I have two routines for you to help you get started. First comes from Reddit r/bodyweightfitness, the other is my own variation that I have been using for the past year.
Method 1: r/BodyWeightFitness, https://www.reddit.com/r/bodyweightfitness/wiki/kb/recommended_routine
Instead of doing everything in one day, I break them up throughout the week. The reason is it lets me still focus down hard on a set of muscles that each exercise uses. There is cross over, for example with triceps doing push ups (day 3) -> dips (day 1). It wasn’t terrible for me.
- Day 1: Pull ups/dips, two sets, then third set until failure
- Day 2: L-sit/squats, two sets, then third set until failure
- Day 3: Push ups/rows, two sets, then third set until failure
This was my first bodyweight routine. Getting to technical failure is the most important, especially with so few exercises. I needed to make sure everything I did in the first two sets let me max myself out on the third set.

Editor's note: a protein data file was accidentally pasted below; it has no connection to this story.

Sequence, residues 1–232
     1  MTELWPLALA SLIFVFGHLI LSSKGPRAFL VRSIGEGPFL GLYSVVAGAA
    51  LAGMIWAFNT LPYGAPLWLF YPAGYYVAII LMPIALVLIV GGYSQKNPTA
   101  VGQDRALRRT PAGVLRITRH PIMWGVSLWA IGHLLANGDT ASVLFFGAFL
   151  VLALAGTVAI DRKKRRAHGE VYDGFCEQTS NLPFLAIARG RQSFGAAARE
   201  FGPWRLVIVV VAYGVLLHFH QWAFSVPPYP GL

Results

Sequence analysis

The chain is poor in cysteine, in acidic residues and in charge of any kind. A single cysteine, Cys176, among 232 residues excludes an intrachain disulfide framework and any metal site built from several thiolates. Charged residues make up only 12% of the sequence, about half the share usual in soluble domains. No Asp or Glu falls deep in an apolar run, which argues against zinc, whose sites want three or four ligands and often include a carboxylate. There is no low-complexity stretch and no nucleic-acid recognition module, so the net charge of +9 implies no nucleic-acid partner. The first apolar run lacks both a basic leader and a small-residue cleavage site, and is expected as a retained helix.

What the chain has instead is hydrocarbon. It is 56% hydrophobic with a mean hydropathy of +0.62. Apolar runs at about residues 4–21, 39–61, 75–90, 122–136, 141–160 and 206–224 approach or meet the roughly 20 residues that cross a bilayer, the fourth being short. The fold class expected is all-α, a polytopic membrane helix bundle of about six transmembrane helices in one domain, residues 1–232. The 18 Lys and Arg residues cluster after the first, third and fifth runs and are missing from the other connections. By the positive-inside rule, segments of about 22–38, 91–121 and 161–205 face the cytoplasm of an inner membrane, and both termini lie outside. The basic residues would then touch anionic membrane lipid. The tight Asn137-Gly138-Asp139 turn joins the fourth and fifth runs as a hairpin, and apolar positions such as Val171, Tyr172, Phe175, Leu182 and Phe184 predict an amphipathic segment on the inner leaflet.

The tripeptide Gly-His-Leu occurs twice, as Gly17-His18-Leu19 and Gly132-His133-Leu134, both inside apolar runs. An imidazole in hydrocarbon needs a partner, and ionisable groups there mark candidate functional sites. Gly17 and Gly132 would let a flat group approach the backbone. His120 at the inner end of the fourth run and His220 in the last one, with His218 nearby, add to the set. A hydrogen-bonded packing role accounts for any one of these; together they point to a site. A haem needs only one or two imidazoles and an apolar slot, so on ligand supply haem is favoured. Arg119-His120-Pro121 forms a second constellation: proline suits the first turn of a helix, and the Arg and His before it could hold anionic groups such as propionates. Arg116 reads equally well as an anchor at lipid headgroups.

Pick the right progression set, then give it my all during the 15-20 minutes of working out. The goal isn’t about spending more time or getting more reps, but increasing strength by upping the intensity (and reducing rest time if you’re crazy like me).
Method 2: Instead of breaking the days based on exercise to be done, I switched to target body parts.
- Day 1: Back/biceps (pull ups, chin ups)
- Day 2: Chest/triceps (push ups, dips)
- Day 3: Shoulders/abs (planche/pike push ups, l-sits)
- Day 4: Legs (all kinds of squats)
I have been testing this method for a while. The difference between M1 and this M2 is the specific exercises I left out. Each day gets 4+ exercises targeting those muscle groups. We’re talking about exercises like hanging scapula shrugs, skull crushers, and pistol squats.
I tend to rotate between the two methods to make life a little more interesting since I get bored easily. The cool thing about this method is that it ensures I target those muscle groups with a few more interesting exercises. It also means there are more rest days in between, so in theory you can take things a little harder each day than method 1.
If I had to choose, I would recommend the first method because it gives you faster rotation and keeps things stupidly simple. Unless you are at some sort of physical disadvantage, two nights of rest before doing an exercise set should be more than enough.
You also get to focus on form for the very important basic exercises before expanding your repertoire of bodyweight exercises and taking things to the next level.